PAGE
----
By May and June, several incidents of lynching because of fake forwards started doing the rounds across the country. And while Rajeshwari’s districts did not have any case of lynching, there were at least 13 cases where people were restrained, folk singers were locked up in gram panchayat office etc, people taking advantage of the situation and forwarding images of their enemies as child-kidnappers.
However in the last four months, Rajeshwari has been successful in building trust between the villagers and the police in her districts and bringing down the number of crimes happening because of social media. In the latest survey that she did 10 days ago, Rajeshwari found that now people are not forwarding these messages anymore. “Even if they receive a video, they know that they should not forward it but bring it to the police station. We have managed to bring in awareness but when it comes to regulating the content which is circulated digitally, we find it extremely difficult,” said Rajeshwari.
‘MAKE SOCIAL MEDIA ACCOUNTABLE’
Talking about making social media platform accountable, she said, “When we start investigation in a cyber crime happening on Facebook, we write to them and request them to take it off and even though it takes time, it does respond and take down the content or block the user.”
But when it comes to inflammatory content circulating on WhatsApp group, whom do we talk to? I can only tell the citizen to not believe in them but what if these messages keep coming? How do we know if a message is true or not? Now WhatsApp has started tagging messages with a ‘forwarded’ label. Also, they said that they are going to limit the number of forwards a person can send in a day. Law enforcement does require some help from digital platforms where they can help us in building up a case, otherwise all these cases will end with acquittals.”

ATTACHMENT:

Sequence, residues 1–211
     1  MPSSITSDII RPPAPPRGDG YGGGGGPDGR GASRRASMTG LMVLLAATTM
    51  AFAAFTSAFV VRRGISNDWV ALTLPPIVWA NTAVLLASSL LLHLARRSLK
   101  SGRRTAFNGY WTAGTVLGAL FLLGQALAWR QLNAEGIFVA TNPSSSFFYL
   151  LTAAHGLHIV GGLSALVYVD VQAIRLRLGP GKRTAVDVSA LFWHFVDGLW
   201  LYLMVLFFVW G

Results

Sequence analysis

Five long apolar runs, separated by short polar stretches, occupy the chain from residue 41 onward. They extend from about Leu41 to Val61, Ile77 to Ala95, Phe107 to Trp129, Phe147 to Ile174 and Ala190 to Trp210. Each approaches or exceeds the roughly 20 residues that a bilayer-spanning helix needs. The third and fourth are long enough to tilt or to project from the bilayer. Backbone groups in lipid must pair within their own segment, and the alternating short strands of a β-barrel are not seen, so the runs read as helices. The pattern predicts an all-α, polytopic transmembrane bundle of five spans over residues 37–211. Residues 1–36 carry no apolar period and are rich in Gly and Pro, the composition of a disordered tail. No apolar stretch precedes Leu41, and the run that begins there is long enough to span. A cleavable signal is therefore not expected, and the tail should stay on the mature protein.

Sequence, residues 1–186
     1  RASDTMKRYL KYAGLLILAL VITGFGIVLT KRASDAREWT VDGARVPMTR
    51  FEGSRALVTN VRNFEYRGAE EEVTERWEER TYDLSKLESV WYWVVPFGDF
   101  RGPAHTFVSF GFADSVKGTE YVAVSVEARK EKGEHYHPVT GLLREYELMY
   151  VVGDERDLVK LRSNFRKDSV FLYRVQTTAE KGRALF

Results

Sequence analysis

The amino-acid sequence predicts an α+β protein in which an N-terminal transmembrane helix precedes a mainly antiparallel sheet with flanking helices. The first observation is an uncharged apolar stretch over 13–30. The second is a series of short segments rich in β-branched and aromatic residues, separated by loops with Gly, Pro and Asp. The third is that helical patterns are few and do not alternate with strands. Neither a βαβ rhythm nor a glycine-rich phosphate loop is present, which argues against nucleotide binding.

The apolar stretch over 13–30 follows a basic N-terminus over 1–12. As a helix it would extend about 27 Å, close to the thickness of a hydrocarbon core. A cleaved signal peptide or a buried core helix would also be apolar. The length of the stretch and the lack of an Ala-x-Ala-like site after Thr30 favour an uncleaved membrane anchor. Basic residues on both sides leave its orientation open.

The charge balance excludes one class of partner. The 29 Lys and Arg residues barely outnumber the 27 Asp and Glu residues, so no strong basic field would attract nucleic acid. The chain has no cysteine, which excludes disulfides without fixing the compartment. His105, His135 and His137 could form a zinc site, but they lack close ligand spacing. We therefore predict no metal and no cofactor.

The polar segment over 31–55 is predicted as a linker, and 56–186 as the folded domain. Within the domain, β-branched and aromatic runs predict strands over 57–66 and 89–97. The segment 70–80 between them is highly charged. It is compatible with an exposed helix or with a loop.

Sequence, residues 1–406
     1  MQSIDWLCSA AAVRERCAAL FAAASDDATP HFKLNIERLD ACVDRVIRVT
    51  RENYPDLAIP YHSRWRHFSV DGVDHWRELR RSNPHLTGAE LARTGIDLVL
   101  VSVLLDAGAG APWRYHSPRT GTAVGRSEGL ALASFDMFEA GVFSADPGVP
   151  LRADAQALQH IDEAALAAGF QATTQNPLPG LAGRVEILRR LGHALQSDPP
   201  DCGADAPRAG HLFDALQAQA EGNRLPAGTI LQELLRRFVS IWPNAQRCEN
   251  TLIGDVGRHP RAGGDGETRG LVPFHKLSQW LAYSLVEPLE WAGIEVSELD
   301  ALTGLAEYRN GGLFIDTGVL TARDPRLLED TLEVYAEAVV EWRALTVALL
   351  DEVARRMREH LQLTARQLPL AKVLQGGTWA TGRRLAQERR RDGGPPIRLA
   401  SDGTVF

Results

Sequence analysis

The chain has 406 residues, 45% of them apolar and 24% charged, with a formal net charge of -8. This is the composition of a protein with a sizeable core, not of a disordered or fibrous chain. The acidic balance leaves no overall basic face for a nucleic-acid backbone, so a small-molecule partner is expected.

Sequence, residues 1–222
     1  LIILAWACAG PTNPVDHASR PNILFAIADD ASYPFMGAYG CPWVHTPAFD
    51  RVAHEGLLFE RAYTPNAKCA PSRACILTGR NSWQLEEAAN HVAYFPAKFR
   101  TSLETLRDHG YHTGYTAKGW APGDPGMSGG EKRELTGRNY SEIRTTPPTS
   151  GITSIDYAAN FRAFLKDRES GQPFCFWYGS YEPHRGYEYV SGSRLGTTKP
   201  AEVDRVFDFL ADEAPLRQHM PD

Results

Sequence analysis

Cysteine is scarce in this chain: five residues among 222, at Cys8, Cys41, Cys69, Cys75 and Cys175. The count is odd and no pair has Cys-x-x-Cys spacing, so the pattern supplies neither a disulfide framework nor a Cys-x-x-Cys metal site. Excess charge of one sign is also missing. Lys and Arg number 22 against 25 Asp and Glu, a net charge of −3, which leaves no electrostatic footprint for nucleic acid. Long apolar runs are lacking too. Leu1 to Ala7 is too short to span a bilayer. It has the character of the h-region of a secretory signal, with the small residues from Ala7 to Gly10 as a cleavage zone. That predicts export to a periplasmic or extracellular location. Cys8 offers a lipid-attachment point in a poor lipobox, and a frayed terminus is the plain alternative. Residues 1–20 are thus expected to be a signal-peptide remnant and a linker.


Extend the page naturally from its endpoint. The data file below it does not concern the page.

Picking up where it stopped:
LESS THAN 10% WOMEN IN FORCE
A true believer in equality, Rajeshwari wants to see more women officers in the police and has some compelling perspective on it. “We need more women in the forces because if you look at the ratio even today, it is less than 10%. I completely welcome the step announced by the Home Minister to bringing in 33% women in the forces, but at the same time if you are not making the efforts to make the job appealing to these women, then not many women will come forward. If you look at people’s perception of police officers, particularly women police officers, it is very bad because of our representation in Bollywood and all the regional cinema. The way media projects police officers is that they are manly, overly aggressive etc. which acts as a deterrent for many women to come forward and join the forces.”
She said society often projects that if a woman joins the security force, then she won’t find the right man for herself. Secondly, people say that because of the job profile, we can’t have a family or children. “These are mere misconceptions because we have all the govt. benefits like maternity leaves, childcare facility, gender sensitive infrastructure. So my contention is that merely announcing reservations is not sufficient,” she said.
SENSITIZING THE FORCE
Rajeshwari has also incorporated many changes during her time in the police force. She talks to a lot of male police personnel on how to talk to sexual violence survivors and also on increasing the percentage of women police officers. She stated, “Of late there are some efforts on the part of different police organizations to give sensitivity training as part of basic police training. But at the end of the day, people who are joining the police force come from the same society which reinforces the idea of patriarchy. So there are certain prejudices that comes with the police officers who join the force. So police trainings must have some methods to help the officers get rid of these prejudices.”
“We trained constables for six months and the result was amazing. They ended up performing well, had re-energized confidence in the community and citizens wanted to talk to those constables more than any other. This was the professional transformation. But personally, most of them ended up cooking at home and helping their partners in household chores” – IPS Rema Rajeshwari
“I did an experiment last year when I was SP of Mehbubnagar district. I took the help of a Delhi-based NGO and conducted a gender sensitivity program called Gender Peace program. We carefully selected 30 constables who were sensitive, empathetic and positive about learning new things. We trained them for six months and the result was amazing.,” Rajeshwari added.
She maintains that it is the duty of police stations to sensitize officers against common prejudices in society. She also runs campaigns such as Saving Child Brides, Child Laborers’ Rescue, SHE Teams, Legal Literacy for Underprivileged Rural Women, and Rehabilitation of Joginis for girls who forcefully enter prostitution.
Officers like Rajeshwari are a true inspiration.
Picture credit- Indiatimes